Parts made with Lexan and other polycarbonates are extremely tough with the ability to maintain their physical shapes even under great stresses over a wide range of temperatures. This along with their ability to flex slightly with impact makes them ideal for the main base on uprights as well as the suction fan in dirty-air upright designs. Eureka uses Lexan in the bases and fans of their Professional and Commercial Sanitaire uprights. By using Lexan and Steel extensively in their construction, Sanitaire uprights are very durable even with hard commercial use.
A few vacuum cleaners, like the Kirby and TriStar still have metal main cases. Kirby uses cast aluminum for the housings on their metal uprights. The Tristar has a cast manganese-aluminum alloy case which is extremely tough. Kirby and TriStar are sold exclusively by in-home demonstrations. Some central vacuum systems use a combination of steel and ABS plastics while others are all steel or aluminum.
There are a number of synthetic resins used in constructing vacuum cleaners. They are created primarily from petroleum derivatives through a process called polymerization. It is a process in which small molecules called monomers are linked to form giant long-chain molecules called polymers. This is done by combining chemical compounds, often with the application of pressure and heat, to cause a chemical reaction which links the individual monomers together to form long-chain molecules. These are entangled with each other and considerable force is needed to disentangle them. These polymer resins are commonly called plastics since they can be molded and shaped. In thermoplastic resins, when heated, the chains move apart enough to permit them to slide over one another. This allows thermoplastics to be melted, then molded or otherwise shaped into usable items. Thermosetting resins, like epoxy and bakelite, can not be melted over and over again for recycling like the thermoplastic resins are. The following is a list of the more common plastics used for vacuum cleaner external structures:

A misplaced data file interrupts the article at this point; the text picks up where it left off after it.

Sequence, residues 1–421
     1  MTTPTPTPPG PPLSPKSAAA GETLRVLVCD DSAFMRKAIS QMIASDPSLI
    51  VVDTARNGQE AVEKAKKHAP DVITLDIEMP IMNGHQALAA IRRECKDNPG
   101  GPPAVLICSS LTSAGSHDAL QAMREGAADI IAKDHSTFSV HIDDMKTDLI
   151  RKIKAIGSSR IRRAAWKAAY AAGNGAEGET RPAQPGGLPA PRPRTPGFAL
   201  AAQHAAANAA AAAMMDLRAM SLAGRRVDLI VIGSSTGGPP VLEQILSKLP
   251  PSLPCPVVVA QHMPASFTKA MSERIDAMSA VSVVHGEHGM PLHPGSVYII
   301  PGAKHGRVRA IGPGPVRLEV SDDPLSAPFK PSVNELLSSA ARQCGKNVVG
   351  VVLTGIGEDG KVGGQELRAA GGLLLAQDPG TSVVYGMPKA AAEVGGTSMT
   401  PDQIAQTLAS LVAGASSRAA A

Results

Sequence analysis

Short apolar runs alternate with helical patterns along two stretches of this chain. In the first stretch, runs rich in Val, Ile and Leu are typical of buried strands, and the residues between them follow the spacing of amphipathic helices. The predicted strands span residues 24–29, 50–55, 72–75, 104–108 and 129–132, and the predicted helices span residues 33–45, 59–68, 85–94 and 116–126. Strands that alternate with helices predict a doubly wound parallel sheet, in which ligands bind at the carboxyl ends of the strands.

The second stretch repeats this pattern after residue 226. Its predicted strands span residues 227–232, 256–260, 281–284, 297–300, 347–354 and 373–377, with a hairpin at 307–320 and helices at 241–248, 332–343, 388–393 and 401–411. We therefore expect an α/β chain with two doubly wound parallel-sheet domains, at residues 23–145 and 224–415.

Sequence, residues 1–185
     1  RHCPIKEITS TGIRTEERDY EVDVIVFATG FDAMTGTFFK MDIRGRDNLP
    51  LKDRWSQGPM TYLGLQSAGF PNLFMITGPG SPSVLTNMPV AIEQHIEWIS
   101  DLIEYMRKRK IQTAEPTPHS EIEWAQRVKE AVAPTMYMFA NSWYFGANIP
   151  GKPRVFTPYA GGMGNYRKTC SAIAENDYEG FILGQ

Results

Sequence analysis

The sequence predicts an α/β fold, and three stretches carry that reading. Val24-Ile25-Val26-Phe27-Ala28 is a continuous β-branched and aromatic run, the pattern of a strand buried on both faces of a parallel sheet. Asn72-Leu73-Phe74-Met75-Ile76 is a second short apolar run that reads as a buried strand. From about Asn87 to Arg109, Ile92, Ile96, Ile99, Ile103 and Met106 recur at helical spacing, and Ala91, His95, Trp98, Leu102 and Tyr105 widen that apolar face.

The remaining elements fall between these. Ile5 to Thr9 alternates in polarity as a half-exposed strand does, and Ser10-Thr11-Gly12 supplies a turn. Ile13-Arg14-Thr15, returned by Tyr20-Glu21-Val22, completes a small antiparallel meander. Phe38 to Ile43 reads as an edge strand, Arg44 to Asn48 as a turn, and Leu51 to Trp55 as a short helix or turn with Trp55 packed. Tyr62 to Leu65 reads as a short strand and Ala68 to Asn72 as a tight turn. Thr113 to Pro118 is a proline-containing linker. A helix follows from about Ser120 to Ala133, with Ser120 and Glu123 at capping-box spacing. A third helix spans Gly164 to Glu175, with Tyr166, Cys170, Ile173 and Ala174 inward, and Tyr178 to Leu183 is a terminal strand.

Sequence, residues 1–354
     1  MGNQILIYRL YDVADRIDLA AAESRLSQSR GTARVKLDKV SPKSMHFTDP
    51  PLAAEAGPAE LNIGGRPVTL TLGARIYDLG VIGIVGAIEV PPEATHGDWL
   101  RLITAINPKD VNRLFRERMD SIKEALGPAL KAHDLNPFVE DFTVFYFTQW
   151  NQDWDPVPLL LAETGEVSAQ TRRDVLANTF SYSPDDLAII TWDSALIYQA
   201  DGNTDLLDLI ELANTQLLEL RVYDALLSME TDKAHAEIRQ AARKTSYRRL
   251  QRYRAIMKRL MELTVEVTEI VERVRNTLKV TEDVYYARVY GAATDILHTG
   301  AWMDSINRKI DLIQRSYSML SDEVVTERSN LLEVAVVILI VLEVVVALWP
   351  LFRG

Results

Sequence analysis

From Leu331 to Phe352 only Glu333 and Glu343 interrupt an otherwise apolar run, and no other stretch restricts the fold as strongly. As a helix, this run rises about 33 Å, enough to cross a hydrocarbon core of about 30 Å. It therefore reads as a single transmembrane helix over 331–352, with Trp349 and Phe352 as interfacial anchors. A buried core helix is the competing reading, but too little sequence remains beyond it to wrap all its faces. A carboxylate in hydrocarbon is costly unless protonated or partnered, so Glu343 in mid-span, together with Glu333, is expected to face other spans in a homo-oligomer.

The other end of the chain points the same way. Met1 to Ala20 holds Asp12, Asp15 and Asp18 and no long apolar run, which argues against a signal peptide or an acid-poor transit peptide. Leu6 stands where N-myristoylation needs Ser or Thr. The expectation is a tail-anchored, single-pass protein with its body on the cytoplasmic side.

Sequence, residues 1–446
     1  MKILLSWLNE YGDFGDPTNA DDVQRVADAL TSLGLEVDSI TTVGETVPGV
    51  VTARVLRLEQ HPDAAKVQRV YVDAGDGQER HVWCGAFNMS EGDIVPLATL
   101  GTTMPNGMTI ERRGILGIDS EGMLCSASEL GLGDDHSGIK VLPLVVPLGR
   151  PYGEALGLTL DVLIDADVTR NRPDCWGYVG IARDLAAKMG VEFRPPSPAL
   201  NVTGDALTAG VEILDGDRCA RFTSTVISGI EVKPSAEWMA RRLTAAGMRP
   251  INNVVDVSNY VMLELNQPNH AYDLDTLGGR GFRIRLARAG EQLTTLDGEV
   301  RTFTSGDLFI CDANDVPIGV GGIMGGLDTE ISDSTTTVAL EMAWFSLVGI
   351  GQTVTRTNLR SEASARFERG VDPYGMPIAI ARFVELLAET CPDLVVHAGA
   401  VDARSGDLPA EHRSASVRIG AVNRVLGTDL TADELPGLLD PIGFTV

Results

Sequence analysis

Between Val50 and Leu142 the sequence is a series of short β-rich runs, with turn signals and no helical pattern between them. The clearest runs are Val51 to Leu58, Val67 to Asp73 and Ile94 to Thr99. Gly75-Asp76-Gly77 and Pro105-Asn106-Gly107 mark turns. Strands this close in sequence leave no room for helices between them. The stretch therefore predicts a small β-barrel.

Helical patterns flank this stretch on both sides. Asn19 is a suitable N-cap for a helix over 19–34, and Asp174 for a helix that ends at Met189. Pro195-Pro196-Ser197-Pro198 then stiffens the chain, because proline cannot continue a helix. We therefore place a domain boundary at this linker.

There was a time when we, being very quality oriented, had very little confidence in the plastic cases and trim used on some vacuum cleaners. As time passed and better plastics were developed and used, we found that metal construction wasn't always necessary for long, low maintenance vacuum cleaner life spans. Part designs and types of plastics used for them are still critical for good durability. Generally the more expensive a vacuum cleaner is, the better the design, plastics and other materials which go into making it are. Discerning whether plastic parts are made of a very tough polycarbonate, a more economical ABS plastic or a different plastic is usually a difficult task. A knowledgeable salesperson or technician, like those at Ristenbatt Vacuum Cleaner Service, is probably your best source for learning which materials are used in the construction of various vacuum cleaners.